8. Pegs are a good way to fix the ‘flares’ if people find knots tricky.
  9. Try to swap dragons and runners at regular intervals too after each game.


This activity gets everyone in the group moving over a wide area, and also builds their teamwork skills.

When everyone is sat having a drink and rest afterwards, they should think about the game they just played. Chat about the brilliant techniques people used, such as zigzagging to avoid the dragons and distracting runners tying their ‘flares’.

Everyone should think about how the game wasn’t just about being fast, but about patience and good team work. Everyone had to wait, watch and help teammates. Teamwork is always a good idea when tackling a problem or activity.


All activities must be safely managed. You must complete a thorough risk assessment and take appropriate steps to reduce risk. Use the safety checklist to help you plan and risk assess your activity. Always get approval for the activity, and have suitable supervision and an InTouch process.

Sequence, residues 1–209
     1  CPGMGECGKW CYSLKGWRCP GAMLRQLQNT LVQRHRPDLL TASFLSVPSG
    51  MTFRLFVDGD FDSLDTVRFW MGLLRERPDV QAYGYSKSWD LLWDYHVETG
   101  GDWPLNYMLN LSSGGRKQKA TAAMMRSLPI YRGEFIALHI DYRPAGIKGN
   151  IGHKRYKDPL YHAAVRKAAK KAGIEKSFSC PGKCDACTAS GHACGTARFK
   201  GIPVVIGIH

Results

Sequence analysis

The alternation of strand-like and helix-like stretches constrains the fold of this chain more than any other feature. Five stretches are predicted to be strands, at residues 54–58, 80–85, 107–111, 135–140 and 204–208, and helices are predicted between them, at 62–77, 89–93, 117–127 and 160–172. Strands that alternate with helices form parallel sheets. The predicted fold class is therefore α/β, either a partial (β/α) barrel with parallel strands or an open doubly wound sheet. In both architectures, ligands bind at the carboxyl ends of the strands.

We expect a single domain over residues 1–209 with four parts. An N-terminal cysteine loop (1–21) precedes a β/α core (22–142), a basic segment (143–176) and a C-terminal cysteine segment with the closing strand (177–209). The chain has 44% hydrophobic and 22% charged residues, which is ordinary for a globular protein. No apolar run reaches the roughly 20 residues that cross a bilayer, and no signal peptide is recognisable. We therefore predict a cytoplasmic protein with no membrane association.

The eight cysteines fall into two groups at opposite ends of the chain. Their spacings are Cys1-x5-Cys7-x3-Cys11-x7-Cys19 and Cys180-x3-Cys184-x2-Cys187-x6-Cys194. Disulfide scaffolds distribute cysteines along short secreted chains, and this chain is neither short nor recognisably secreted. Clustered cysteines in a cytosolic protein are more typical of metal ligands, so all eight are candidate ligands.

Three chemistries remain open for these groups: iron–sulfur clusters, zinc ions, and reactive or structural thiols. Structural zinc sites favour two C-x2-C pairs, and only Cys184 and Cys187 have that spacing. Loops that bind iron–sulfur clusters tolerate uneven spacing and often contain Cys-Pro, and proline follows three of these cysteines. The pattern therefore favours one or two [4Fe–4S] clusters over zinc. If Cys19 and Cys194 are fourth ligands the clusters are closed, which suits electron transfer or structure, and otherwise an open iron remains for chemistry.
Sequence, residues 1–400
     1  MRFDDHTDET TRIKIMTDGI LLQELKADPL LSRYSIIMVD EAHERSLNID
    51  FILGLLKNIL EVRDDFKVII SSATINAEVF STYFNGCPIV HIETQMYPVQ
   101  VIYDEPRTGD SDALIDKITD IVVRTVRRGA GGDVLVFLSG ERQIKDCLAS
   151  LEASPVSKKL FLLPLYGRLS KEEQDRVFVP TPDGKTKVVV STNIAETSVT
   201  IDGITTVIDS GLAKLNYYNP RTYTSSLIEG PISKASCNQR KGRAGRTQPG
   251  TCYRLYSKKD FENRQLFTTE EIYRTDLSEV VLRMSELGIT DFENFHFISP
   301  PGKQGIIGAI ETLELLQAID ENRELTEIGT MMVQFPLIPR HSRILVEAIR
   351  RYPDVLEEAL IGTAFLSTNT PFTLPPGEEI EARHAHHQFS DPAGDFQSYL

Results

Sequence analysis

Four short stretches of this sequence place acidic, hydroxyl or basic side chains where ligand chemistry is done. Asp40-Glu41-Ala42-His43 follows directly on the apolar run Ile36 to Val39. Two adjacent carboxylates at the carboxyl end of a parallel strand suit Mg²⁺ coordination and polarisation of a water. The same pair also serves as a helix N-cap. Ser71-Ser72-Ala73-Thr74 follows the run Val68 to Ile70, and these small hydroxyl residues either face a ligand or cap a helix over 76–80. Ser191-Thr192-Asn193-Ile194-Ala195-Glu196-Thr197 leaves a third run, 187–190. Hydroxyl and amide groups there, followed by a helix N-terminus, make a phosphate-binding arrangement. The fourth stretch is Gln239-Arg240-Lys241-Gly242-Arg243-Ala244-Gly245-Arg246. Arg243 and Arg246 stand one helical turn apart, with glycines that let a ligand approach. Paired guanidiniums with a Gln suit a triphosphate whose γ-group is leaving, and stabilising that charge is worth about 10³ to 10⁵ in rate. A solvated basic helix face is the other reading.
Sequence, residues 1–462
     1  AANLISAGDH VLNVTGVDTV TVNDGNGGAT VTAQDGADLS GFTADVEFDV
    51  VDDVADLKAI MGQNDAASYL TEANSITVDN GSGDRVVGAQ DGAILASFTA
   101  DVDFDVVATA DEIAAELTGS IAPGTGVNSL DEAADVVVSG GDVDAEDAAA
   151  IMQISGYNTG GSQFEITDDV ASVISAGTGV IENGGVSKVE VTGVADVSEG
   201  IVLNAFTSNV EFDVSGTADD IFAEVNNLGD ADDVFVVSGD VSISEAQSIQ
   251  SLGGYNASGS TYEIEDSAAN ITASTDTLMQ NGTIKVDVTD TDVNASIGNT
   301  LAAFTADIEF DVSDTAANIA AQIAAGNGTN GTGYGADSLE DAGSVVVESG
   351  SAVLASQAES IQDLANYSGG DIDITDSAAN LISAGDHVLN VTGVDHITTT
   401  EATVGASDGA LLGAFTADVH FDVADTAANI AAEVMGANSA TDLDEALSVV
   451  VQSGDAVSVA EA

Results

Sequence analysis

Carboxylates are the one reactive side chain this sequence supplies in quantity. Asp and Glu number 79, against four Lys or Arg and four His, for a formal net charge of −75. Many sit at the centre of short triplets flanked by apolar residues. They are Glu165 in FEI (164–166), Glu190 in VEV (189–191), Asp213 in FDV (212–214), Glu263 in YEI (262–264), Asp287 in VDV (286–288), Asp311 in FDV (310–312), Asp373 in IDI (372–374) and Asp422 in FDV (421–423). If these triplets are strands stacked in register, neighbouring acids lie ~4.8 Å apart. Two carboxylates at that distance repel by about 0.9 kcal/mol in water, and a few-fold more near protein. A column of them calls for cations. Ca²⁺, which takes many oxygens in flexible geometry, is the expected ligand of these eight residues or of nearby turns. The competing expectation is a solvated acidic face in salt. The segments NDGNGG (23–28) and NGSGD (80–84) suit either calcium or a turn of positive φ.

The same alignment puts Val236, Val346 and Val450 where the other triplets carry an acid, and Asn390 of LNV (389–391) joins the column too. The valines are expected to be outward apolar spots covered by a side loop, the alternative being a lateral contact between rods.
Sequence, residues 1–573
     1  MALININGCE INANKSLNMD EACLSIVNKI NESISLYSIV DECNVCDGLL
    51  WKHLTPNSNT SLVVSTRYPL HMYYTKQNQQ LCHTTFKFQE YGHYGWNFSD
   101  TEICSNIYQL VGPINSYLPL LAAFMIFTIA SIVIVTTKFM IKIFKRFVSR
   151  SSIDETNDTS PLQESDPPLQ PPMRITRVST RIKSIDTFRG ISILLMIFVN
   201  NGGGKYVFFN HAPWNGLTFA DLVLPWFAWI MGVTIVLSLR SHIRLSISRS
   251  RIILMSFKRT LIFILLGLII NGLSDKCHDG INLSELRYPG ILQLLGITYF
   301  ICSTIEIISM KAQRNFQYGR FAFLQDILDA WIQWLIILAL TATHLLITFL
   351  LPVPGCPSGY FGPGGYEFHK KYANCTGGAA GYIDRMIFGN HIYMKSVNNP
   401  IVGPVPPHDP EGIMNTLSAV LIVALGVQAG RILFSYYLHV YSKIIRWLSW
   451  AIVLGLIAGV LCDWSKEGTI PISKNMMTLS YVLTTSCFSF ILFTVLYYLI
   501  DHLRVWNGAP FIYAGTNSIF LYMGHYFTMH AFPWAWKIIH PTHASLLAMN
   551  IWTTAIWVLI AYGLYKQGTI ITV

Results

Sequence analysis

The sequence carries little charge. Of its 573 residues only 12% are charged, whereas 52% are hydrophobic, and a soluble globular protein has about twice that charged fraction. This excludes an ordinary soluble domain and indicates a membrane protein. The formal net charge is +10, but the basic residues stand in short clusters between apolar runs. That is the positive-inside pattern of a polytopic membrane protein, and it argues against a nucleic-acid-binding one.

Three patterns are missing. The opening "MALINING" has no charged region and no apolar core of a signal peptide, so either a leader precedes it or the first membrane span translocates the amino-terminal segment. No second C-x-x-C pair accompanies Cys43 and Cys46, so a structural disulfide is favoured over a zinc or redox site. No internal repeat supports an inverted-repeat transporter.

Outdoor activities

You must have permission to use the location. Always check the weather forecast, and inform parents and carers of any change in venue.

Active games

The game area should be free of hazards. Explain the rules of the game clearly and have a clear way to communicate that the game must stop when needed. Take a look at our guidance on running active games safely.

Contact games and activities

Make sure everyone understands what contact is acceptable, and monitor contact throughout the activity.



Spread the teams over a wider area, or perhaps a wooded area where runners can use trees as camouflage. Or set up two ropes and more islands.

If anyone has problems with mobility, move the island base nearer the rope or partner them up with someone who can be the runner while they give instructions. Pegs are a good way to fix the ‘flares’ if people find knots tricky.

All Scout activities should be inclusive and accessible.

Challenge another section to compete or hold heats to find the ultimate champions.